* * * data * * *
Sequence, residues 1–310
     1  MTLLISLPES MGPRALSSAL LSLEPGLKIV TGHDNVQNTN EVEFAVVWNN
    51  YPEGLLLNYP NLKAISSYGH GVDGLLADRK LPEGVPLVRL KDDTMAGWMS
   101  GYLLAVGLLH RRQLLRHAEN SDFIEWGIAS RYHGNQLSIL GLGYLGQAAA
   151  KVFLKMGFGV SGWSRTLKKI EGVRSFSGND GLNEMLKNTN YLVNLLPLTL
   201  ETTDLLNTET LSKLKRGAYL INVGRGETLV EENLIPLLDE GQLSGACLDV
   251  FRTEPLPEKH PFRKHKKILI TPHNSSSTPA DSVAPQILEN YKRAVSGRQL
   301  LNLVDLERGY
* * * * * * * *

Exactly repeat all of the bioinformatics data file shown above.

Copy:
Sequence, residues 1–310
     1  MTLLISLPES MGPRALSSAL LSLEPGLKIV TGHDNVQNTN EVEFAVVWNN
    51  YPEGLLLNYP NLKAISSYGH GVDGLLADRK LPEGVPLVRL KDDTMAGWMS
   101  GYLLAVGLLH RRQLLRHAEN SDFIEWGIAS RYHGNQLSIL GLGYLGQAAA
   151  KVFLKMGFGV SGWSRTLKKI EGVRSFSGND GLNEMLKNTN YLVNLLPLTL
   201  ETTDLLNTET LSKLKRGAYL INVGRGETLV EENLIPLLDE GQLSGACLDV
   251  FRTEPLPEKH PFRKHKKILI TPHNSSSTPA DSVAPQILEN YKRAVSGRQL
   301  LNLVDLERGY